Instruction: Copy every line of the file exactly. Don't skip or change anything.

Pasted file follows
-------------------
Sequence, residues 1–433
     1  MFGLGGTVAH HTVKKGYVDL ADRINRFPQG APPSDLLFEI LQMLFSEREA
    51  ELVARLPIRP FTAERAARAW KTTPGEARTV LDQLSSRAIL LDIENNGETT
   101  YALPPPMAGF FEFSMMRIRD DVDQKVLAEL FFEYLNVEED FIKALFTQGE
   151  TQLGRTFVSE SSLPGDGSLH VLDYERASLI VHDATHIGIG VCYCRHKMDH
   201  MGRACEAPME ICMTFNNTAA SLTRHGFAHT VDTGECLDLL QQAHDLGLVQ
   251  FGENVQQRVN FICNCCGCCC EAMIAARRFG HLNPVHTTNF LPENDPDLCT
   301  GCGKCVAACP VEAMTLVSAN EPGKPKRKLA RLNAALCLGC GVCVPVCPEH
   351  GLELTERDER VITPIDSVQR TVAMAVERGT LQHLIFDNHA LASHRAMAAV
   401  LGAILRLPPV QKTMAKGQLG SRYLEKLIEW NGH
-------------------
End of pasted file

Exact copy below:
Sequence, residues 1–433
     1  MFGLGGTVAH HTVKKGYVDL ADRINRFPQG APPSDLLFEI LQMLFSEREA
    51  ELVARLPIRP FTAERAARAW KTTPGEARTV LDQLSSRAIL LDIENNGETT
   101  YALPPPMAGF FEFSMMRIRD DVDQKVLAEL FFEYLNVEED FIKALFTQGE
   151  TQLGRTFVSE SSLPGDGSLH VLDYERASLI VHDATHIGIG VCYCRHKMDH
   201  MGRACEAPME ICMTFNNTAA SLTRHGFAHT VDTGECLDLL QQAHDLGLVQ
   251  FGENVQQRVN FICNCCGCCC EAMIAARRFG HLNPVHTTNF LPENDPDLCT
   301  GCGKCVAACP VEAMTLVSAN EPGKPKRKLA RLNAALCLGC GVCVPVCPEH
   351  GLELTERDER VITPIDSVQR TVAMAVERGT LQHLIFDNHA LASHRAMAAV
   401  LGAILRLPPV QKTMAKGQLG SRYLEKLIEW NGH